ORLANDO, Fla. - Local teacher Jessica Furiosi documented the day she got the COVID-19 vaccine with a short video she shared on social media.
Twenty-weeks pregnant and back in the classroom, she wanted that protection.
"I just felt this immense weight lift off of me that I didn’t realize I was holding onto," she said about getting the shot.
Many states, like Florida, have made pregnant women eligible to get the vaccine since they’re more likely to get really sick from coronavirus.
But getting vaccinated hasn’t been an easy decision for a lot of expecting mothers.
"With almost everything in medicine, pregnant women are almost always excluded from those initial trials," said Dr. Chad Rudnick, a Boca Raton pediatrician.
Rudnick and Dr. Paul Gilbert are filling in some of the blanks on what happens when a mom-to-be gets the shot.
The doctors tracked a pregnant healthcare worker who got the vaccine in late December at 36 weeks.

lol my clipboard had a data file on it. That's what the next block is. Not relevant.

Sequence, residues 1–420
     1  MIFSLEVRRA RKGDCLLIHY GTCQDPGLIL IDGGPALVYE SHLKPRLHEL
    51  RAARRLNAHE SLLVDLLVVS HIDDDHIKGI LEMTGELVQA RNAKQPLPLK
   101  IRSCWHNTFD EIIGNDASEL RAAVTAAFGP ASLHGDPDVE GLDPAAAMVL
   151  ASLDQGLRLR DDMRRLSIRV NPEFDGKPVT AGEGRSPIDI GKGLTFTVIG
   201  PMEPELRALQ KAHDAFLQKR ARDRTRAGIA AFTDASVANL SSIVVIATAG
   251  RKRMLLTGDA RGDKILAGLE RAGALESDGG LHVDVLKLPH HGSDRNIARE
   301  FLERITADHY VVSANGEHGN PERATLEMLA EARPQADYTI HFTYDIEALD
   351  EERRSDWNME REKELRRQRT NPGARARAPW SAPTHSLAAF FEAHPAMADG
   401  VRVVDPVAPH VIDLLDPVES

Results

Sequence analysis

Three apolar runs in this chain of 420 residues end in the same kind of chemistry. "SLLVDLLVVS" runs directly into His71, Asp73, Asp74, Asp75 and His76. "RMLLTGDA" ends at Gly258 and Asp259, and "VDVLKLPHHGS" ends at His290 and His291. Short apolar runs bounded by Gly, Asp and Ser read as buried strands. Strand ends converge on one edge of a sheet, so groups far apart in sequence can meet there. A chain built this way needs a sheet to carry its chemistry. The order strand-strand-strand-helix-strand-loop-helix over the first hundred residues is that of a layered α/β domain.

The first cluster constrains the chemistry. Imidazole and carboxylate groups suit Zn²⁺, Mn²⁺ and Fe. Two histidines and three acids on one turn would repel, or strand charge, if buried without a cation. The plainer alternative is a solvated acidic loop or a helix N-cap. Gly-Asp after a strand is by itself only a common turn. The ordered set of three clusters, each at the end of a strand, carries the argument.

"After the baby was born, we were able to test the baby’s cord blood and did come back positive for the COVID antibodies that are specific to the vaccine, and it was exciting," Gilbert said.
Proof that the baby could also have protection from the vaccine. Furiosi says that hope went into her decision to get the shot.
"I figured if I have that chance to help protect my kid in another way, why not take it?" Furiosi said.
Rudnick and Gilbert say there are still a lot of unknowns, like how long the immunity may last and when the best time is for a pregnant woman to be vaccinated.
But, this is a big first step for pregnant women dealing with the pandemic around the world.